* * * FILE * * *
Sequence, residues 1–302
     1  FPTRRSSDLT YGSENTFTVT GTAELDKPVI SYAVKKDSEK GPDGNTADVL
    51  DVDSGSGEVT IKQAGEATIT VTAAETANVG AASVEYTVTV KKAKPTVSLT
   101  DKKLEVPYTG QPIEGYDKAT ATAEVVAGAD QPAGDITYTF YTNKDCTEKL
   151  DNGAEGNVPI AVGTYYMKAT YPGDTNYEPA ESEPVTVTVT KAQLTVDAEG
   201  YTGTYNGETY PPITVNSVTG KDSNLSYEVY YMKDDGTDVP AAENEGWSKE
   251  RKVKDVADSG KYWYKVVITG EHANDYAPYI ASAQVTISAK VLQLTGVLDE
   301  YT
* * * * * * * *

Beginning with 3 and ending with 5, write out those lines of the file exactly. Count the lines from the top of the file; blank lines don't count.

    51  DVDSGSGEVT IKQAGEATIT VTAAETANVG AASVEYTVTV KKAKPTVSLT
   101  DKKLEVPYTG QPIEGYDKAT ATAEVVAGAD QPAGDITYTF YTNKDCTEKL
   151  DNGAEGNVPI AVGTYYMKAT YPGDTNYEPA ESEPVTVTVT KAQLTVDAEG